After becoming one of the most sought-after variety show guests with his witty words and receiving praise for every single he released, Epik High’s leader Tablo had suddenly hit the bottom last April. The infamous controversy around the his attendance at Stanford University rather quickly wiped Tablo off public situations. This famous musician had taken over a year to come back with his new album, “Fever.” Every line of his lyrics received great attention for their poetic aspects, and “Fever” took second and fifth place for Part I and Part II respectively.
Despite his new successes, the Tablo that met with OSEN media at the YG Entertainment building was thin enough to fit into female clothes, and even though he laughed and joked at times, he stated, “I think it’ll be difficult for me to go back to the person I was before.”
Q. This is the first interview with the media after a year and a half.
A. The way I can meet with reporters again and talk to them about music with laughter can be called something to be greatly celebrated.
Q. There must be a lot of things you wanted to say over the previous times, but why did you decide to speak up now? When the controversy was flourishing, there has been criticism that how Tablo dealt with the problem wasn’t very active.
A. At that time, there was a rather large amount of inaccurate reports (laugh) so it was hard to deal with those hundreds of articles. When that controversy first broke the surface, I had an exclusive interview after just two days. I also released my graduation certificate as well as the letters sent in by Stanford University’s professors to the public. On my part, I showed them all I could show, but it was buried in just a day.
For about a day, my opinion was made known, but the day after that, the doubts started to bubble up again. It just returned to the starting situation. In all honesty, I thought at that time that it was all useless. At that time, my daughter was just born, so it was important to stand by my family’s side so I had no time to mind the wars raging through the internet and the media. Looking back now, I still think that it was the right decision to make.
Q. So you didn’t know the situation on the Internet?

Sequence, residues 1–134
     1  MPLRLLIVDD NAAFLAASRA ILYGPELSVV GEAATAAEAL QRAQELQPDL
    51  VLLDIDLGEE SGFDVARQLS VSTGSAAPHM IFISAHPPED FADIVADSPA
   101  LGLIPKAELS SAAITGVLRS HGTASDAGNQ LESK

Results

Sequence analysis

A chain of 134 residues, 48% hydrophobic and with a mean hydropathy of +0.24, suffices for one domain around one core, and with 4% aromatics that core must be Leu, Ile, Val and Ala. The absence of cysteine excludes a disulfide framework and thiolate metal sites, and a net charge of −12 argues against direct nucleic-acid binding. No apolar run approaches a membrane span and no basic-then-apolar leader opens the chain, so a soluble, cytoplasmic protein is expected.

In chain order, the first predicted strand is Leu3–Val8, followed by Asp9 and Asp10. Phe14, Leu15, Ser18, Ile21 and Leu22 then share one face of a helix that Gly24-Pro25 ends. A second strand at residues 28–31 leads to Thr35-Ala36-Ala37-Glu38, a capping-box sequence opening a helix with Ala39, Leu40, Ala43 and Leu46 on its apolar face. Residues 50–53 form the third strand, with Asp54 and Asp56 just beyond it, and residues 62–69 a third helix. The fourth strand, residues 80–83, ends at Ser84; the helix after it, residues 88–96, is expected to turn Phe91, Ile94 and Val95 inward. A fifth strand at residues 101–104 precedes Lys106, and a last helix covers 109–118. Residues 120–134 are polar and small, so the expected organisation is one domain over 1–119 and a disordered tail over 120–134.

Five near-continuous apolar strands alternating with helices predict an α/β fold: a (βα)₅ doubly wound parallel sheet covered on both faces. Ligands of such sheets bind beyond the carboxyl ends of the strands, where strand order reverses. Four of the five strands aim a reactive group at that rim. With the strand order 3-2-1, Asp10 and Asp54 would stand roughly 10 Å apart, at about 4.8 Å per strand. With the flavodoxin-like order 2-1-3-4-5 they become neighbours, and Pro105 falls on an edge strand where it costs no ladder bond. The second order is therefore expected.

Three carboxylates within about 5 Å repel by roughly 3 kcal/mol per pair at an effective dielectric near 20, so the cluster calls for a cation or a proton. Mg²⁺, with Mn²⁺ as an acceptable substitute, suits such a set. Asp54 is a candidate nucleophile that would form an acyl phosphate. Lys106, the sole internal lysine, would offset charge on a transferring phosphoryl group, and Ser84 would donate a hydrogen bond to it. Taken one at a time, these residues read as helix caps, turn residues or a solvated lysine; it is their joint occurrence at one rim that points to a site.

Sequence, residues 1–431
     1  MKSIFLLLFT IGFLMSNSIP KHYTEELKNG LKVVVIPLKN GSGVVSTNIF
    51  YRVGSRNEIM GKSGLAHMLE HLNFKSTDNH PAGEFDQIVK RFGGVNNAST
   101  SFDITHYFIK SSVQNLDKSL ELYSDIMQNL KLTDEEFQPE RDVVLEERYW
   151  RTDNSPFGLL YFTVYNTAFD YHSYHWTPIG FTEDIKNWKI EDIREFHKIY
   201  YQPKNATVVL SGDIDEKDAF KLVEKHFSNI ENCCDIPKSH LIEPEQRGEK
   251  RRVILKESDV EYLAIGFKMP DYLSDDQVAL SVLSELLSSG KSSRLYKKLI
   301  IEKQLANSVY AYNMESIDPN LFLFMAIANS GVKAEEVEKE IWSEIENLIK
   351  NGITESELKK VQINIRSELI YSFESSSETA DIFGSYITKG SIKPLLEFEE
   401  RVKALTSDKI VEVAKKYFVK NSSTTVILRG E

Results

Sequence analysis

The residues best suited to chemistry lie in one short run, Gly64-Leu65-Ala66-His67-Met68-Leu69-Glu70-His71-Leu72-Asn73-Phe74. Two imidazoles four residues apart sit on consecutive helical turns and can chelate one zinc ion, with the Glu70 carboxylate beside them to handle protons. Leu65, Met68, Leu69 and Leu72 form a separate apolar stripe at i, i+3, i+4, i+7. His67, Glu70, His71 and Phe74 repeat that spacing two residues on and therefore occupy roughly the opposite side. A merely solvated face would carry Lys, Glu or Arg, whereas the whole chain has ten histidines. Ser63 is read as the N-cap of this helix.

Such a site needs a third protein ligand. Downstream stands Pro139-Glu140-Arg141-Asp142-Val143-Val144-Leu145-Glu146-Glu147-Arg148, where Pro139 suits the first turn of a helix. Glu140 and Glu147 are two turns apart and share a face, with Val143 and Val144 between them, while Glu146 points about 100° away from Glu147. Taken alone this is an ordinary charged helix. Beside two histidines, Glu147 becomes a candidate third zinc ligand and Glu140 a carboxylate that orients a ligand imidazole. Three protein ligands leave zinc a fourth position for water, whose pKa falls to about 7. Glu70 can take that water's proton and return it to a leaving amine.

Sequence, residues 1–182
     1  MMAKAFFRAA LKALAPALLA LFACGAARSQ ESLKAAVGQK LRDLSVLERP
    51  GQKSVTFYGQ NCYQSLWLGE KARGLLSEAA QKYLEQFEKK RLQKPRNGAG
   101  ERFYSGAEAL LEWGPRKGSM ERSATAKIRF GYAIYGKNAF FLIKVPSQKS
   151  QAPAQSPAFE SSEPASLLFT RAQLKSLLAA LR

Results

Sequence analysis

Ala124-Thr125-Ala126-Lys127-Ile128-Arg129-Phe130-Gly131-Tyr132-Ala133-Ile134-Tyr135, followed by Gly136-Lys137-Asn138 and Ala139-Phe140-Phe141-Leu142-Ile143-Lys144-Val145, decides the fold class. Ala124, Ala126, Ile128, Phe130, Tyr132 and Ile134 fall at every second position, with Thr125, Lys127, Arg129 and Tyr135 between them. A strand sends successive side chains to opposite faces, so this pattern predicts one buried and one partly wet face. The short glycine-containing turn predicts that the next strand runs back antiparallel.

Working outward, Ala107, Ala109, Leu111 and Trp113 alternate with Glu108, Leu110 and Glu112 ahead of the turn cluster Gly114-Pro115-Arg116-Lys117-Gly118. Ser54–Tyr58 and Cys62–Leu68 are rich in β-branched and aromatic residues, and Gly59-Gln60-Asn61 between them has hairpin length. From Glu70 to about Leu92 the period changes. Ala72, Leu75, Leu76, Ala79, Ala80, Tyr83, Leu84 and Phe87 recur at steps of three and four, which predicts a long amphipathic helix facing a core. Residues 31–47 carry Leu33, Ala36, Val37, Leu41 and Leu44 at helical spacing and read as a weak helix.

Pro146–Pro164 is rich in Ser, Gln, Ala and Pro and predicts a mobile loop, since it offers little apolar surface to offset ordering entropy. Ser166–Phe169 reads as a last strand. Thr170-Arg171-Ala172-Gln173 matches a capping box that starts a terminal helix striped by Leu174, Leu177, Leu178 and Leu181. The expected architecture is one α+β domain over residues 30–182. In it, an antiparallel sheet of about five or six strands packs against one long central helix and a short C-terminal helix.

A. I came to know that there was such a thing happening on the internet at the postnatal care center. Before when my wife was pregnant, I honestly concentrated on my wife so much that I didn’t even have time to care about my album activities. Because if I did something else, my wife would have to be alone. When I saw the Internet for the first time, I thought, “What is this?”
Q. Then are you recovered enough now that you can talk about those things naturally?
A. It’s not that I went over to the recovering stage at one specific point in time. I think that every moment in time was slowly, slowly, a step further in recovering. Of course, I wouldn’t wish to bring this upon anyone, but it’s not a past that I’m determined not to bring up.
I lost a lot, but I also gained much. If I was a celebrity that was constantly loved, would I have been able to spend a lot of time with my child when she was born? Being able to have been there since the moment she was born is something that can’t be bought with money or effort, so it was a valuable period of grace given to me.
Q. How did you decide to come back?
A. As I looked after my child, I thought of music, and when she was asleep, I wrote it down somewhere, and as I did that, my phone filled up to the brim. Hye Jung (Tablo’s wife, actress Kang Hye Jung) told me, “I would like it if you started to make music again.” She said that she missed the look in my eyes and my smile that rose when I created music. So after that, I started to really delve into producing.
Q. It’s said that the musicians that become a father have difficulty producing serious music.
A. I tried to be a good father, but at the same time, I was slightly sorry that I was unemployed. Whenever I looked at the baby, I kept thinking of that so it wasn’t a problem, creating serious music. As I looked at my baby, I was happy, but at the same time, I was really apologetic and there were emotions I can’t fit into one phrase.